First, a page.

World Economy Projected To Shrink By 3.2%: UN Report


Against the backdrop of the COVID-19 pandemic, the world economy in 2020 is projected to shrink by 3.2 per cent, racking up some $8.5 trillion in overall losses and wiping out nearly four years of output gains, according to the UN Department of Economic and Social Affairs (DESA), which recently launched its World Economic Situation and Prospect (WESP) report update.

As of mid-2020, the gross domestic product (GDP) in developed countries will plunge to -5.0 per cent, while the output of developing countries will shrink by 0.7 per cent, the report said.

“The global economic outlook has changed drastically since the launch of WESP 2020 in January”, observed Elliott Harris, UN chief economist and assistant secretary general for economic development.

“With the large-scale restrictions of economic activities and heightened uncertainties, the global economy has come to a virtual standstill in the second quarter of 2020,” he added. “We are now facing the grim reality of a severe recession of a magnitude not seen since the Great Depression,” he said.

Although new infections and COVID-19-related death rates have recently slowed, the pandemic’s future course remains uncertain, as does the economic and social consequences that will follow, said the report.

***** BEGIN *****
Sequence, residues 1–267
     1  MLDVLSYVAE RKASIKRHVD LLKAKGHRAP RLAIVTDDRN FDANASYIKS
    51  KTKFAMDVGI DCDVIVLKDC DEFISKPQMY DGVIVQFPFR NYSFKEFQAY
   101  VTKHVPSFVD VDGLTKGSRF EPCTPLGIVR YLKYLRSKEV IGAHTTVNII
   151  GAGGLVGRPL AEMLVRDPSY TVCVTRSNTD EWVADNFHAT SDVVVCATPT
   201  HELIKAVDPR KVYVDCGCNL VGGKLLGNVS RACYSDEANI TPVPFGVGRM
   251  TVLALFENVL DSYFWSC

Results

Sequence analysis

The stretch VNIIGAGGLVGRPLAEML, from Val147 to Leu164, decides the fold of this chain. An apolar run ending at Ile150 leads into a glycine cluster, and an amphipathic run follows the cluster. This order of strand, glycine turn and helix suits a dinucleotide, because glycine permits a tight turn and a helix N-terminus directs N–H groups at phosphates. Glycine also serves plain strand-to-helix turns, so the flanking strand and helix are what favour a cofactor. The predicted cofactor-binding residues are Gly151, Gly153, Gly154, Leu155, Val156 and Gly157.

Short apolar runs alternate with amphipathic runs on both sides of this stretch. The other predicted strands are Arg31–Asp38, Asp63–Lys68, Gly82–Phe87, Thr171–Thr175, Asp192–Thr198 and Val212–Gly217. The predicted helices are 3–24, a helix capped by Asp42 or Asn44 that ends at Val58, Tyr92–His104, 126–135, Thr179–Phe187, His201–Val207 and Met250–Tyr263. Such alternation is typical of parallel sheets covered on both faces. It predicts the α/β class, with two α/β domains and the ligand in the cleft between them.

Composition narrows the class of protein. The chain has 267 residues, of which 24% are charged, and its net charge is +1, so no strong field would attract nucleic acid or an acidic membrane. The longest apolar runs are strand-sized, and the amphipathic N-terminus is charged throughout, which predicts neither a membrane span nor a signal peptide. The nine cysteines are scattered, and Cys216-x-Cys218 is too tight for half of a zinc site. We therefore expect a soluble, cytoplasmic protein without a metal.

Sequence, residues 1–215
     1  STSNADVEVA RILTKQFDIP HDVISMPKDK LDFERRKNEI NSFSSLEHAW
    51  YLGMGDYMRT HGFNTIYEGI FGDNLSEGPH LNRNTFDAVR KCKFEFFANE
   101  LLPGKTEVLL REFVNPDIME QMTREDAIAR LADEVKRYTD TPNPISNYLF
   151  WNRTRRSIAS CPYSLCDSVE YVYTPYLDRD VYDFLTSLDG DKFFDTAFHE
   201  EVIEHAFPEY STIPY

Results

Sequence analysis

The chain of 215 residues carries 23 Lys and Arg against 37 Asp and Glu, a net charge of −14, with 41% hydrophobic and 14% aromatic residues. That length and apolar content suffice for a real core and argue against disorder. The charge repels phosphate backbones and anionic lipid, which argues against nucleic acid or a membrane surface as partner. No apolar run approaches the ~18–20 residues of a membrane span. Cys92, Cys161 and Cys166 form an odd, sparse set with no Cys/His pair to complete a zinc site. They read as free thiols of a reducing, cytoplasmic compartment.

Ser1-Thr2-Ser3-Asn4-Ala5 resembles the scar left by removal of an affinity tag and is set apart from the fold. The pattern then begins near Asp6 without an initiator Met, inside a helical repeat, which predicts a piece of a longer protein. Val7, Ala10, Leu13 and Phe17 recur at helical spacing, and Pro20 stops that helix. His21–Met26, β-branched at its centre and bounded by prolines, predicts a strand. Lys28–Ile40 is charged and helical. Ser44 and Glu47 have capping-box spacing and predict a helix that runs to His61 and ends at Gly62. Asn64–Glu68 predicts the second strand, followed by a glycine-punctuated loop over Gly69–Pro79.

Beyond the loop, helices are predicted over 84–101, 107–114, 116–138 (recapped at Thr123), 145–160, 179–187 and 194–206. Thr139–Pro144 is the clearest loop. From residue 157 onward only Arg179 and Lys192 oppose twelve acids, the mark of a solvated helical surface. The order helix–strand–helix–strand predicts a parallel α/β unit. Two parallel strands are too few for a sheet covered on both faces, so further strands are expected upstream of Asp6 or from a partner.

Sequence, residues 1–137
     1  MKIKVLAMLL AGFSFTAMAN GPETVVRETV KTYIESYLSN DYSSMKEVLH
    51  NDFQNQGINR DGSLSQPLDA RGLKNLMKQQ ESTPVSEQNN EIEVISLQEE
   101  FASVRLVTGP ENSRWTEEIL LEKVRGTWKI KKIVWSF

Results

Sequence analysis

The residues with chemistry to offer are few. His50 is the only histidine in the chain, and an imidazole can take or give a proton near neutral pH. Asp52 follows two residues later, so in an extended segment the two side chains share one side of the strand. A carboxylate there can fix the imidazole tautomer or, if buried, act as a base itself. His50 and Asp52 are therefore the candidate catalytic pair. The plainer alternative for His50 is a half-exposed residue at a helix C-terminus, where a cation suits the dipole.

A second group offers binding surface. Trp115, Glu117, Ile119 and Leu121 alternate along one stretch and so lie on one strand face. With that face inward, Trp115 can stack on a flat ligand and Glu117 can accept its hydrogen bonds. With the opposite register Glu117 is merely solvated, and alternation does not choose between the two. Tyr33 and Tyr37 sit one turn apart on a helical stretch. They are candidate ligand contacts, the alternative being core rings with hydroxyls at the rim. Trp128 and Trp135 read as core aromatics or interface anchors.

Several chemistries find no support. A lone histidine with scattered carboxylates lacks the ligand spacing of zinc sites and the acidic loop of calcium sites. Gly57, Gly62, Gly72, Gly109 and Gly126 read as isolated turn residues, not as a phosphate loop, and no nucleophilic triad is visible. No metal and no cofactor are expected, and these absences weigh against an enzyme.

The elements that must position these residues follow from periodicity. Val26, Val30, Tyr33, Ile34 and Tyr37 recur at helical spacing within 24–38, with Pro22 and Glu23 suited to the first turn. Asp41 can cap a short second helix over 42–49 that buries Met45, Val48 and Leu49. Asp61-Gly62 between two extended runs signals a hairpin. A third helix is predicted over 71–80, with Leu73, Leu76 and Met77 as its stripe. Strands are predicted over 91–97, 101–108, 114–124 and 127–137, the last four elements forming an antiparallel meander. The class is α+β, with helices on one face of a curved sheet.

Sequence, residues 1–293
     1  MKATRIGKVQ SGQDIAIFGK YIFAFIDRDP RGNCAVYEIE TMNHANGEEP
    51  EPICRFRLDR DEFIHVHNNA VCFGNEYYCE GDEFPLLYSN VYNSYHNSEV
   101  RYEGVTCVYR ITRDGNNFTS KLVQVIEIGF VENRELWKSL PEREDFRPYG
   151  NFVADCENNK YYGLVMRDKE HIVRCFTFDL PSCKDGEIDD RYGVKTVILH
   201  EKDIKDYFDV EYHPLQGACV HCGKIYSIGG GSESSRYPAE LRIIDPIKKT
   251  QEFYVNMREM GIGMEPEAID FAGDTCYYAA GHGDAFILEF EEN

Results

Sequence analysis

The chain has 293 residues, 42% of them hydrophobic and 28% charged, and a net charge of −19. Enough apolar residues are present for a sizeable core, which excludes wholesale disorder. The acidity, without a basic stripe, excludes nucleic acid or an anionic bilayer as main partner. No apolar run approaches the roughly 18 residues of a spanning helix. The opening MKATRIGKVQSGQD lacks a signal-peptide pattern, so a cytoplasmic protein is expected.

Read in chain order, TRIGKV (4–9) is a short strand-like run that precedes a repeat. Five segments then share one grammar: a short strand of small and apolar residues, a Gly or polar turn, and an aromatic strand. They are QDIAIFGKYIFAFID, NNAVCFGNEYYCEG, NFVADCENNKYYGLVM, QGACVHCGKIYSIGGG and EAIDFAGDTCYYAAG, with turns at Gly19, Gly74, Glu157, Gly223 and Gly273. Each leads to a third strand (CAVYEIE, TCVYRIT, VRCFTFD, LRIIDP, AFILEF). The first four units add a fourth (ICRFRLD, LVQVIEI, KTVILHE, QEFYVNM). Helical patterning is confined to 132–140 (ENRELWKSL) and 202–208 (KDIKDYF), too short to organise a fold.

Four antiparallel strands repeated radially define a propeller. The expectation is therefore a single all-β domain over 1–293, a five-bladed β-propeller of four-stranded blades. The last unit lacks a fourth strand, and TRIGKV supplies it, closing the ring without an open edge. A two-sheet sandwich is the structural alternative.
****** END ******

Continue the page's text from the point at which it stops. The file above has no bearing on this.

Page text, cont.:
Without a quick breakthrough in vaccine development and treatment, DESA maintains that “the post COVID-19 world will likely be vastly different”, from the one known.

Although a modest rebound of around 3.4 per cent, mostly recovering lost output, is expected for 2021, the report spelled out that “the possibility of a slow recovery and prolonged economic slump, with rising poverty and inequality, looms large”.

Trade and tourism are paralysed, while large deficits and high levels of public debt will pose significant challenges for developing countries and small island states.

The UN forecast makes clear that stronger multilateral support and solidarity to contain the pandemic, along with economic and financial assistance to countries hardest hit by the crisis, will remain “critical for accelerating recovery and putting the world back on the trajectory of sustainable development”.